The Conservative government is making changes to the Employment Insurance (EI) regime. While previous changes to EI have tightened eligibility requirements, making it more difficult for workers to collect EI if they lose their job, the current proposals focus on making it harder for unemployed workers to turn down work that is farther away, significantly lower paying, or in a different field than work that they had done. Andrew Jackson has already nicely described some of the economic implications.
The new changes are intended to deal with “labour market rigidity” – economist-speak for “workers should be more compliant.” Seasonal workers are seen as a particular “problem” because they only work for part of the year, but have families who expect to eat, and rent or a mortgage to pay, all year round! While some seasonal workers might be found everywhere (landscapers, snowplow drivers), they tend to be concentrated in rural areas and especially in Atlantic Canada. Thus Jeffrey Simpson in the Globe & Mail on Saturday characterized our current EI system as one that “sends money from better-off regions to poorer ones.” Two days later, in the same paper, John Ibbitson justifies the changes similarly, saying “Canada just can’t afford rural subsidies. Rural industries must be able and willing to pay their own way.”
There are clear commonalities here with the attacks on the Quebec student movement (Simpson characterized students as “pursu[ing] privilege” the day before his EI column), and with labour unions more generally (who always seem to be threatening our “fragile economic recovery” – most recently workers at CP Rail, who are being legislated back to work less than a week after going on strike). As Jackson points out, eliminating “rigidity” makes the labour market more favourable to employers. Not surprisingly, the Canadian Federation of Independent Business (CFIB) in Atlantic Canada has come out firmly in favour of the changes. Politically, the Harper government is nothing if not calculating, and likely figure that even if they lose a few seats on the East Coast, they can gain more by stoking resentment among urban and suburban voters in Central and Western Canada, who also work hard, and are susceptible to seeing someone else’s “gold-plated gravy train” as the source of their struggle to make ends meet or keep up in the rat race.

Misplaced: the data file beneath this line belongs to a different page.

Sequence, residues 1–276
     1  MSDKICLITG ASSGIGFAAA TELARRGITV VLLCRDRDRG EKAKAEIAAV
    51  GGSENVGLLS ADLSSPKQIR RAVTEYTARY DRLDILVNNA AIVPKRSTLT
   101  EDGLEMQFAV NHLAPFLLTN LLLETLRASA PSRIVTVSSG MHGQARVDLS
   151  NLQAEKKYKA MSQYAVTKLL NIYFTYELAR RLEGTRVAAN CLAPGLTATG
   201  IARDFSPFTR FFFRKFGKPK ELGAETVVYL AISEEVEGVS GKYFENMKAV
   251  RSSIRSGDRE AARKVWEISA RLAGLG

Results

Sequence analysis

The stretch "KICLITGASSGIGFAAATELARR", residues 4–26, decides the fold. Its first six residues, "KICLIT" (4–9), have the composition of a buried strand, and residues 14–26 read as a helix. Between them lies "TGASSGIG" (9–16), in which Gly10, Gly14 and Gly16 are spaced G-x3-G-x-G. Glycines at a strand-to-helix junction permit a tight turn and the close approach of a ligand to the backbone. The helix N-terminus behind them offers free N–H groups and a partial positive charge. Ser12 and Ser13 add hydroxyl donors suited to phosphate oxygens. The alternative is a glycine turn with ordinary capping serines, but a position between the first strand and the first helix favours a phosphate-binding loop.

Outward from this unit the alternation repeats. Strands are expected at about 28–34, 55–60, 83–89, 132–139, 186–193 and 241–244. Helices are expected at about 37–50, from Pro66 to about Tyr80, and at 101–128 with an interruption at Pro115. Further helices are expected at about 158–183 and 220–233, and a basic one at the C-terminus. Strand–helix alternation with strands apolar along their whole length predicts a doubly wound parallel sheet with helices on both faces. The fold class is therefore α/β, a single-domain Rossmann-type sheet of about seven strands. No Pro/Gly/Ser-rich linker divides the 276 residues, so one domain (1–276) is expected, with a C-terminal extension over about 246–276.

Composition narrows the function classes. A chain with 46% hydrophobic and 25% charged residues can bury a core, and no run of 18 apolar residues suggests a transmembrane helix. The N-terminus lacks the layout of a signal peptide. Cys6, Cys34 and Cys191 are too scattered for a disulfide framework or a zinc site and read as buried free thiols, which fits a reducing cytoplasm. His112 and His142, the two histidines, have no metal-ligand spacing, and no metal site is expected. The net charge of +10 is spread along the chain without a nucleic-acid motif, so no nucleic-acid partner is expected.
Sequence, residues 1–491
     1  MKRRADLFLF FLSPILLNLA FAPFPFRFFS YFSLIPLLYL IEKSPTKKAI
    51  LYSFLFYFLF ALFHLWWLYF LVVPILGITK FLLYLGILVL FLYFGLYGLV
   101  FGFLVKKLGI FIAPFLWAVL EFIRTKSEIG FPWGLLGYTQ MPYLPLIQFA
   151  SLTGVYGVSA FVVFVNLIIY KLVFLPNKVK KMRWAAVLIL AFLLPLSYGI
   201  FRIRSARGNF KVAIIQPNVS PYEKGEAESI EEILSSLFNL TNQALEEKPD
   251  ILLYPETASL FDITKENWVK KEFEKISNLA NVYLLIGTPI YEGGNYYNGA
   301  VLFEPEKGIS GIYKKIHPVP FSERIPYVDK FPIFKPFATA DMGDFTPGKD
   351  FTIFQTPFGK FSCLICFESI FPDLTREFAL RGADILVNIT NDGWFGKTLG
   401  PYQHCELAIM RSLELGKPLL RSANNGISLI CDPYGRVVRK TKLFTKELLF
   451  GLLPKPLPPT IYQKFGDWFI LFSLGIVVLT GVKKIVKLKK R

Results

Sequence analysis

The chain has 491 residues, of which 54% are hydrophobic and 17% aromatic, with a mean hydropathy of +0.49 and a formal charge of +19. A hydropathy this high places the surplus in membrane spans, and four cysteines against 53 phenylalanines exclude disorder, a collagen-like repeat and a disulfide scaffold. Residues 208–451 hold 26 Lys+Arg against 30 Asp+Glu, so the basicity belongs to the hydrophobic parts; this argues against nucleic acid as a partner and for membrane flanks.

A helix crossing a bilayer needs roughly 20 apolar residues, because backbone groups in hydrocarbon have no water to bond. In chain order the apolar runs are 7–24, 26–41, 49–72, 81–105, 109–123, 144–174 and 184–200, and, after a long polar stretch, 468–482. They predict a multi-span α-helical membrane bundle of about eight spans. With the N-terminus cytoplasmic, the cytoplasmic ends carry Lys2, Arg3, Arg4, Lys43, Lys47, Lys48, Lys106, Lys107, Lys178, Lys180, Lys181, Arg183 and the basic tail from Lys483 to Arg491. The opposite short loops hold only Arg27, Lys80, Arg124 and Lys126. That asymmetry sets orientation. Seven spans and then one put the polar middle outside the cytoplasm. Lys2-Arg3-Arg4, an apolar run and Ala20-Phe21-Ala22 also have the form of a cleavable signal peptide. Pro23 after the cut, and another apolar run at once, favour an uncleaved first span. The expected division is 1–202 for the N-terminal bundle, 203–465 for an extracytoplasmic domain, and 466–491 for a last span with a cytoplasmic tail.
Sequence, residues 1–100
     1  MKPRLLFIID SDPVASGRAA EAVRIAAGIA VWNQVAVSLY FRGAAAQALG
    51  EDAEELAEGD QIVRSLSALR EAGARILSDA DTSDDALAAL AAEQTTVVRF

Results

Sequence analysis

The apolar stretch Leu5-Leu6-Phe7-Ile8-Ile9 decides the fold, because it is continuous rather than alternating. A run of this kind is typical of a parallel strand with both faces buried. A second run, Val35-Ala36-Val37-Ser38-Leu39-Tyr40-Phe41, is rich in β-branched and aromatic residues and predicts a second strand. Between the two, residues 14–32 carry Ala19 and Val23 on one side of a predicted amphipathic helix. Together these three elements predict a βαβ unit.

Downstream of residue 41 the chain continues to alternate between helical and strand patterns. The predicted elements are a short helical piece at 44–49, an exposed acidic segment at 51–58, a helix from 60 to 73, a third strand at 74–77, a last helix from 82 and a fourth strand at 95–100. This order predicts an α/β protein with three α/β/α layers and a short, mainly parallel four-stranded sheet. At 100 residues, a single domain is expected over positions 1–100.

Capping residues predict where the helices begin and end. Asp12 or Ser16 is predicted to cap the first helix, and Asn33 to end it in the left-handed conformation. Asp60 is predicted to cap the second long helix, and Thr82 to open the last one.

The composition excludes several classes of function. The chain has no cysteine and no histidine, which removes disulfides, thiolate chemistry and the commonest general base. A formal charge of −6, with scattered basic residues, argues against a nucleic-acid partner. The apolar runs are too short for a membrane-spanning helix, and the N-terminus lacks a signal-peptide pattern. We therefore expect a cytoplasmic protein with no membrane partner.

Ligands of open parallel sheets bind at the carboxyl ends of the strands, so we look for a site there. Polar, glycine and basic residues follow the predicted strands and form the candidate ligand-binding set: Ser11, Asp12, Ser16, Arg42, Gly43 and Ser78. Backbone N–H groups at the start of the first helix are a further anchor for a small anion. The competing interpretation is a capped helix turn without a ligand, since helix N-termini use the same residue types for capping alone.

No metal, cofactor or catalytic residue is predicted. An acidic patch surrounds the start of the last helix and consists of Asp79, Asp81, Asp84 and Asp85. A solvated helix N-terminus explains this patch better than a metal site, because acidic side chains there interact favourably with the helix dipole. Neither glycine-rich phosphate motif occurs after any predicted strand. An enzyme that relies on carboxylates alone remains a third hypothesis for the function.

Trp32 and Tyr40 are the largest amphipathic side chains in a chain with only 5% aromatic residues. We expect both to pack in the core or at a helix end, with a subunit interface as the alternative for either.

One argument against the proposed changes to EI, made by, among others, Nova Scotia NDP premier Darrell Dexter, is that they threaten particular communities and ways of life. A similar point is made more forcefully by Karen Foster and Brian Foster at The Elemental Present. The upshot is: maybe we should consider EI a small price to pay so that a diversity of communities and ways of life can co-exist within this country – we might even consider that an asset, rather than something to be stamped out. It is both true and a nice sentiment, but whether it will work politically when governments across the board (including Dexter’s) are operating in austerity mode, remains to be seen.
Another way of looking at it, though, is to see EI as a relatively small undercurrent, in a national system that mainly channels wealth from the margins to the center. For example, Canada has a nationally regulated banking system that has been structured so that a few big banks, all headquartered in downtown Toronto, dominate the financial services market. Every time Canadians, including landscapers, lobster fishers, and farmers, pay transaction fees or interest on a loan or mortgage, some of that money ends up at King and Bay Streets in Toronto. Why isn’t that considered a "subsidy" that hard-working Canadians pay to bank executives and shareholders? Maybe instead of the proposed EI reform, we’d be better off finding a way to stop sending money from poorer Canadians to better-off ones.
Andrew Biro is an Associate Professor and Canada Research Chair in the Department of Politics at Acadia University. He has been a Research Associate with the Nova Scotia office of CCPA since 2005.